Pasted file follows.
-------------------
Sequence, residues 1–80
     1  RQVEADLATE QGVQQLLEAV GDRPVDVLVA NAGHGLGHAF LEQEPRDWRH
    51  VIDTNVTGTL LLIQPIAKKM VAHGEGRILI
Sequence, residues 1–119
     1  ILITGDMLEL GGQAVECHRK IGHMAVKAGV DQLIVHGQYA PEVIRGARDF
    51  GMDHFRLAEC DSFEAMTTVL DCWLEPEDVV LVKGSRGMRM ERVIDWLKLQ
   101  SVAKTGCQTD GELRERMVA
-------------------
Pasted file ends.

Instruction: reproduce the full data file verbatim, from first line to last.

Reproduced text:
Sequence, residues 1–80
     1  RQVEADLATE QGVQQLLEAV GDRPVDVLVA NAGHGLGHAF LEQEPRDWRH
    51  VIDTNVTGTL LLIQPIAKKM VAHGEGRILI
Sequence, residues 1–119
     1  ILITGDMLEL GGQAVECHRK IGHMAVKAGV DQLIVHGQYA PEVIRGARDF
    51  GMDHFRLAEC DSFEAMTTVL DCWLEPEDVV LVKGSRGMRM ERVIDWLKLQ
   101  SVAKTGCQTD GELRERMVA